Day 3: Book return flight/train ticket from Chandigarh or Delhi. Do not book plane tickets to your hometown from Delhi on Day 2. Click here for more explanation.
Planning your hotel/stay
Hotel options at Aut
➤ Shalimar Guest House, A decent hotel to spend a night in Manali.
The cost is around Rs 2500 for a double bedroom.
➤ Gateway Homestay It’s right net to Beas River, Rooms are descent. The food here is delicious. The cost is Rs 800-900 for a one-night stay.
Book online at least before 2 days.
Contact Number: 086793 75454
➤ Hotel YS Triple Nine It’s in the middle of Aut, a 3 star hotel with a price range of Rs 2500-3000. You can get on the spot rooms availability here.
Contact Number: 098160 04999
How to Get Fit for the Sainj Valley Trek
The Sainj Valley trek is classified as an easy trek. From Ropa at 4,987 feet, you will gain about 2,000 feet to Pundrik Lake. Though the altitude gain is not much, the continuous ascent can be quite demanding.
This trek requires a good amount of cardiovascular endurance. You can begin by jogging everyday. Start jogging at a slow pace and then keep increasing your pace day by day. In order to be prepared for high altitude trek, you should have a combination of distance and speed targets.
Here’s a fitness routine that works:
In case you’re just starting with a regular fitness routine, phase out your distance targets in the following manner –
–>Target completing 5 km in 45 minutes when you begin.
–> Gradually increase your pace by running 4 times a week and bring it down to 5 km in 40 mins.
–>If you are 45 years or above, try to cover 5km in less than 47 minutes.
If you are somebody you prefers cycling over running, then try to cover 18 km in 60 minutes.
How to send us proof of your fitness routine? It is not mandatory on this trek, but you can still send us.
Record your run on an app like Nike Run. Start recording your run when you start running. At the end of your run, hit the stop button.
Working out indoors
If you can’t go out and jog because of time and space constraints, here’s a video you can use to work out indoors.
First, the Essentials. You cannot do the trek without these.
1. Trekking Shoes
Sainj Valley requires trekking shoes that are sturdy, have good grip, have ankle support, and can handle snow. Here is a quick video on how to choose your trekking shoes.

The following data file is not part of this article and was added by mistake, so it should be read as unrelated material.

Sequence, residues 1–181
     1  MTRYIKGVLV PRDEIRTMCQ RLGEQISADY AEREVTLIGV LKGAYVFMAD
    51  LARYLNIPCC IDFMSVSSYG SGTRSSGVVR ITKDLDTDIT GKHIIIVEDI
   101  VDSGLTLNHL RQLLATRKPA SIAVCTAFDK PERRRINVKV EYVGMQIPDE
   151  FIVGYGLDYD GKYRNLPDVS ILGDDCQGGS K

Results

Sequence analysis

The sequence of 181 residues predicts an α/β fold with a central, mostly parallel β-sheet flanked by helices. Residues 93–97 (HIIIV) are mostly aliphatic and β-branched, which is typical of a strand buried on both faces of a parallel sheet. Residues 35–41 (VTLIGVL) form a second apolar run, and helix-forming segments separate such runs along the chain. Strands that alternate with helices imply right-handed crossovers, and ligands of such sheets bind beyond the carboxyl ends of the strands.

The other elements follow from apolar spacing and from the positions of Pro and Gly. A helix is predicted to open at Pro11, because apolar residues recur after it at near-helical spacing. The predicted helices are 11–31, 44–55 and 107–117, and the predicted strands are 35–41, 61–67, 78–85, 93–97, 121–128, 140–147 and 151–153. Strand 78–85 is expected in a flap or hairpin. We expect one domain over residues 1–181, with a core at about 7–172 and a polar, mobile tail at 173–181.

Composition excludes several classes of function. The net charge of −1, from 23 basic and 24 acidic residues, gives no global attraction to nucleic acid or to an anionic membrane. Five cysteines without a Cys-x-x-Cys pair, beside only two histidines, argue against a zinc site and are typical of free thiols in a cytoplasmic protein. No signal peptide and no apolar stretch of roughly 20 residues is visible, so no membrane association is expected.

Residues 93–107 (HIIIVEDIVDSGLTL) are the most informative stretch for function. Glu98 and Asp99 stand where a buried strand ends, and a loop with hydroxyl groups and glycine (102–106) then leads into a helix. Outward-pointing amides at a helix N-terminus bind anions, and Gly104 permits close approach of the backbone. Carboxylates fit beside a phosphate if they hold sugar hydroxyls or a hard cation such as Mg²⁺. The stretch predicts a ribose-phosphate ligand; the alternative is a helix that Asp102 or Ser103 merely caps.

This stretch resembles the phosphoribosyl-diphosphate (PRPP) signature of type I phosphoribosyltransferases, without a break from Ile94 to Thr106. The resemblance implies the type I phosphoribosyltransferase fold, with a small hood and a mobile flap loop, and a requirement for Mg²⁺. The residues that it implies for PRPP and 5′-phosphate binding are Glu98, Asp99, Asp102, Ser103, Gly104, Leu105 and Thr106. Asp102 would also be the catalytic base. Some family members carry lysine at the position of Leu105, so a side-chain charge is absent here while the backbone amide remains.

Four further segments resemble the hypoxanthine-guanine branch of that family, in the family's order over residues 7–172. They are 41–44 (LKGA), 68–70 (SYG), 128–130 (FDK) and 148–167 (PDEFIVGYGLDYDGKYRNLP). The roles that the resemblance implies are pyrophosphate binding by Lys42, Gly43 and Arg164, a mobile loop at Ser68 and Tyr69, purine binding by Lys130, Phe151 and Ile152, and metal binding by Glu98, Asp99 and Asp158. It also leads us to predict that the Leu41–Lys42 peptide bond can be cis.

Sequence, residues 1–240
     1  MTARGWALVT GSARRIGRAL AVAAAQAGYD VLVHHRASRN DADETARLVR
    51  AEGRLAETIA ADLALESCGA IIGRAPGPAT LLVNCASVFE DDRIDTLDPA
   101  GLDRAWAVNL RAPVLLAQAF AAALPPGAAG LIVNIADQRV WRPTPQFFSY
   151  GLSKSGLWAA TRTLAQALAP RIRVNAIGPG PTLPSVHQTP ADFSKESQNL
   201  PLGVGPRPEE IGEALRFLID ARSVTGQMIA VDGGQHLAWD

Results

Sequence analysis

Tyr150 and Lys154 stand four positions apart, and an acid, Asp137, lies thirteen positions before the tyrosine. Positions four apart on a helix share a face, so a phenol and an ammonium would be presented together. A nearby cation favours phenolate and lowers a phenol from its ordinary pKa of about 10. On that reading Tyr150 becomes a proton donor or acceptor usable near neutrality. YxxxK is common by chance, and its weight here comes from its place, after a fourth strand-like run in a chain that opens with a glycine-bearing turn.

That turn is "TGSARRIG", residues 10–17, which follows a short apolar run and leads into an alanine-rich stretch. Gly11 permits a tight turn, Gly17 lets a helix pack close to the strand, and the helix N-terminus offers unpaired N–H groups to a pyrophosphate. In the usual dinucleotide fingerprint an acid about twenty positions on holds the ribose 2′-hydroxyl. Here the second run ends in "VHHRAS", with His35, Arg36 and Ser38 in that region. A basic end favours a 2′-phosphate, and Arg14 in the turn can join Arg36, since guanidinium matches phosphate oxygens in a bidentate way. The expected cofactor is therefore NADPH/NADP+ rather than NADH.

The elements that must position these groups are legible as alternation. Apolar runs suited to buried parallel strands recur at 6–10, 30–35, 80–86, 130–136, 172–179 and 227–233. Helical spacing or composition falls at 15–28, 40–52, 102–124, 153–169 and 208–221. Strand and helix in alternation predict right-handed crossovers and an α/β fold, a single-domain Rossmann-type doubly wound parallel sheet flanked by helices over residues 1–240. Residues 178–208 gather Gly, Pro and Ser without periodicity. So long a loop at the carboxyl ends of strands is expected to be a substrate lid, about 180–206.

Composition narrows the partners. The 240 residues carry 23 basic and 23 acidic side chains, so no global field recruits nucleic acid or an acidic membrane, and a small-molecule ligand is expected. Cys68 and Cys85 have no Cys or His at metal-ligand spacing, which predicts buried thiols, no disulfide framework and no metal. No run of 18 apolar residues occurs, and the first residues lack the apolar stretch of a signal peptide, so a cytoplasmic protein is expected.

| Buying Tip: The Trek series and MH series are good options by Decathlon. They are tried and tested. There really isn’t any necessity to buy the higher priced models. Here is a list of other budget shoes that trekkers are using.
For a trek like Sainj Valley, you need a 20-30 litre backpack. Make sure your backpack has good hip support, shoulder support and quick access pockets. Here is a guide on how to choose a backpack.
| Buying Tip: Wildcraft, Decathlon and Adventure Worx usually make good backpacks. While Wildcraft has more expensive ones, the other two brands have budget-friendly backpacks to choose from.
Wearing layers is the mantra in the mountains. Layers give you maximum protection from all elements. And when the weather changes in the mountains (as it happens every few hours), you take take off or put on layers as required.
Wear one T-shirt and carry two. Carry full sleeve dry-fit T-shirts (preferably collared). These prevent your arms and neck from getting sunburnt. In the rarified air on the trek, especially at high altitudes, UV rays can burn you in no time.
Dry-fit T-shirts quickly dry your sweat, they are easy to wash and in case of a rainy day, they dry quicker. Round neck T-shirts are ok, but collared ones are better.
Cotton or Synthetic? As Indians, we love cotton. Down in the plains when the heat is a blistering 40°C it makes sense to wear cotton. But it takes a long time to dry when it gets wet. In the mountains, where it is cooler, synthetic is what you wear. They wick sweat rapidly and keep you dry. (But they do tend to smell quickly, so carry a roll-on deodorant with you.)
| Pro Tip: If you are extra susceptible to cold, you could get a set of thermal inners. In our experience, wearing two T-shirts over another works as a better thermal. And they save you weight and space, since you’re already carrying them.
3 insulation layers:
The highest altitude you reach on this trek is 15,000 ft. At these altitudes it can get freezing cold even in the middle of summer. You will need at least 3 insulation layers for this trek.
You will need 2 light fleece layers, 1 full-sleeve light sweater. Do not get your grandma stitched sweaters, which can be very heavy. You need sweaters and fleece jackets that can fold into compact rolls.